The 2021 drought in the West had severe impacts on Montana’s farmers and ranchers and the effects will continue to ripple across farm country for some time, especially if the drought continues into 2022.

As background, Montana experienced a widespread drought last year that was one for the record books. According to the U.S. Drought Monitor, 100% of the state was listed as being in a D2 drought or higher on September 28, 2021, with over 21% being in a D4 drought category. Thankfully since that time, parts of Montana have received enough snow or rain to improve the situation slightly. That said, the Drought Monitor still shows 93% of Montana being in some level of drought.1 66.2% of our 58 million acres used for farming and ranching is rangeland2, the vast majority of which is unirrigated relying completely on rainfall. In fact, there are only about 2 million irrigated acres in Montana.3 To these irrigated acres, adequate maintenance for federal water projects is of utmost importance. I share these statistics to help illustrate why the drought has had such a profound impact on production.

The drought forced many ranchers to sell off part, and in some cases all, of their herds because they did not have enough grass or could not afford hay or other feed for their livestock. We saw the sell-offs start as early as last spring, with ranchers selling cow/calf pairs and yearling heifers, and it continued throughout the year. The USDA-NASS numbers show that total cattle numbers in the state were reduced by 10% from January 2021 to January 2022. Even more telling is the 13% reduction in replacement heifers, which shows cattle numbers will continue to shrink as ranchers wait for the range to recover and for feed prices to go down. Reducing and selling off herds is difficult for ranchers because they are essentially getting rid of their productive assets, inhibiting their future income. In many cases, they have spent years building up desired genetics in their herds and it will be difficult for them to replace those lost animals. As a personal example, my husband and I ranch in eastern Montana. We had to sell 20% of our cows last year and are currently considering further reductions. This is a very common theme across the state.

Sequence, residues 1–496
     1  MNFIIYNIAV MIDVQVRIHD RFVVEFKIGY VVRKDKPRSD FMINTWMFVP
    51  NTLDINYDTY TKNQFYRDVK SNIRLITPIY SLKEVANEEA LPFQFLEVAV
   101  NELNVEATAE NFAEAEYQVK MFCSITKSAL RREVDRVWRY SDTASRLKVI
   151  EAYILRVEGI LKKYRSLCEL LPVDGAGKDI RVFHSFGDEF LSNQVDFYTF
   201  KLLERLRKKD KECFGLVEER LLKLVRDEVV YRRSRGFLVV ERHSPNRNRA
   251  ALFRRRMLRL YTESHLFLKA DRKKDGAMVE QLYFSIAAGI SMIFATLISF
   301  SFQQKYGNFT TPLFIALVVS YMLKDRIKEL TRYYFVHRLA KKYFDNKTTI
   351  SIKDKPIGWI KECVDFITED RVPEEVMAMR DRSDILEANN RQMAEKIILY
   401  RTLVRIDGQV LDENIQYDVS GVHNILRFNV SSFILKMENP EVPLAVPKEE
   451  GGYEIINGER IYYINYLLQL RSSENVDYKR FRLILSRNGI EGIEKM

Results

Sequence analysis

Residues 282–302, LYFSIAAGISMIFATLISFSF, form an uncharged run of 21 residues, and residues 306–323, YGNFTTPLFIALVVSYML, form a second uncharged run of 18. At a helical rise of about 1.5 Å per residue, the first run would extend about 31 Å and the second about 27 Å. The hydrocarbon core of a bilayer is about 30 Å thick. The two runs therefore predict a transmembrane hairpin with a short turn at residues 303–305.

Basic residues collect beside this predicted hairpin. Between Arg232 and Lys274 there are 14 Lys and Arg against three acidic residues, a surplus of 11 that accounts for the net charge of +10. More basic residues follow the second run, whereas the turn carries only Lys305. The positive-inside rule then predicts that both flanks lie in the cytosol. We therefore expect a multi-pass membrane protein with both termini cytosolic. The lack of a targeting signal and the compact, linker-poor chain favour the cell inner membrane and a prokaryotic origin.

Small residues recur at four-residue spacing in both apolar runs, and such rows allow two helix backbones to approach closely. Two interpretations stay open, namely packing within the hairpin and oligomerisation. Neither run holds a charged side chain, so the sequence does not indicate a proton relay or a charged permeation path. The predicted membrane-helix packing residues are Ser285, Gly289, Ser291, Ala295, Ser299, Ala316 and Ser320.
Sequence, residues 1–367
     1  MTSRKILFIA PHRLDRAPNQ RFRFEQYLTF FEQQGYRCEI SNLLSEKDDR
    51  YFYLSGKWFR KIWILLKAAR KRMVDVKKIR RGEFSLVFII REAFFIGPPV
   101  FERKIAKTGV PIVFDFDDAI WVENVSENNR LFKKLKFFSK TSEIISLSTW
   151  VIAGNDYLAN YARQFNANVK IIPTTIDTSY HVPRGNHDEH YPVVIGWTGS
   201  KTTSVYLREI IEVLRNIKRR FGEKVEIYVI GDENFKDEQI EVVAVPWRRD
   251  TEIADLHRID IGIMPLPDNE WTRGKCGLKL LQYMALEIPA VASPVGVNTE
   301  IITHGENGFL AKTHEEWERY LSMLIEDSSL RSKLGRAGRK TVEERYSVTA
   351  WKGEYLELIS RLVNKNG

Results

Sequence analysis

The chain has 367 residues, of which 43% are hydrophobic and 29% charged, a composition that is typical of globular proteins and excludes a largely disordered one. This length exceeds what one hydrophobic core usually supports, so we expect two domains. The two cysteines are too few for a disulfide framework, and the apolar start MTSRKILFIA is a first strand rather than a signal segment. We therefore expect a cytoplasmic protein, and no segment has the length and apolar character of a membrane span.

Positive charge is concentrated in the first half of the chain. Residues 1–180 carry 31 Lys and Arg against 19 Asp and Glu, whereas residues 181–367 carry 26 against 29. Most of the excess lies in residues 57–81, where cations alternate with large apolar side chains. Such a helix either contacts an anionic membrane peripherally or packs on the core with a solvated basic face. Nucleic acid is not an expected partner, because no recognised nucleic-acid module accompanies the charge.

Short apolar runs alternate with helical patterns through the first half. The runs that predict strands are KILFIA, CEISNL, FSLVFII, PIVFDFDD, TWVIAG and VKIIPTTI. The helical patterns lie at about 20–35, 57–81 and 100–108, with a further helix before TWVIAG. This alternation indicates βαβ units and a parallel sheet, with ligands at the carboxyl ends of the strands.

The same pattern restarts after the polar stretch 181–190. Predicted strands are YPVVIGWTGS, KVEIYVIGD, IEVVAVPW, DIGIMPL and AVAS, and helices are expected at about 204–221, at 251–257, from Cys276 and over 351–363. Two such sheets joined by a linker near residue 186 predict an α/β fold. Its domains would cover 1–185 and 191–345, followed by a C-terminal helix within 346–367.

Likewise, crop yields were reduced. Wheat production fell from over 228.6 million bushels in 2020, to 100.8 million bushels in 2021. Hay production fell from 5.9 million tons to 3.5 million tons.

As you can see from this information alone, the drought directly impacted the supply of commodities produced in the state of Montana, as it did in other states.

Additionally, input and transportation costs have risen and are projected to continue rising. Input costs like fertilizer, seed, livestock feed, machinery, crop protection tools, fuel, etc. hit farmers directly in the bottom line. Furthermore, some inputs are difficult to obtain due to supply chain issues. Ranchers and farmers may go to their local supply store, only to find that what they need is out of stock and there is no predicted delivery date. Transportation costs add expense to commodities even after they leave the farm. For example, most of the calves born in Montana are sent out of state after they are weaned for further feeding. The trucking costs to get them to their next destination add even more cost to the production of the end product.

With all of this being said, it’s important to note that higher grocery store prices are not necessarily indicative of higher farm incomes. Even with higher commodity prices, the combination of higher input costs and reduced yields will make it difficult for farmers and ranchers to turn a profit. One thing that must be done to ensure an affordable and abundant food supply in this country is to maintain a robust farm safety net through the Farm Bill.

Drought makes the need for access to land even more evident. The state of Montana is roughly 29% federally owned, predominantly BLM and Forest Service. Many ranchers utilize grazing leases on these properties. It’s important to remember how critical grazing is as part of multiple-use management on these lands for things like fire management and providing food security to this country. As agencies move forward with developing Land Use Plans, grazing plans, and even endangered species considerations, I would urge them not to reduce grazing leases. Public land grazing helps keep food costs low in this country and moving away from it, especially during the drought, would be devastating to individual ranchers and will impact all citizens.

Testimony submitted to the House Committee on Natural Resources by Nicole Rolf, MFBF Senior Director of Governmental Affairs

1 U.S. Drought Monitor.

2 Montana Ag Fact, USDA - National Ag Statistics Service.

3 Montana Department of Natural Resources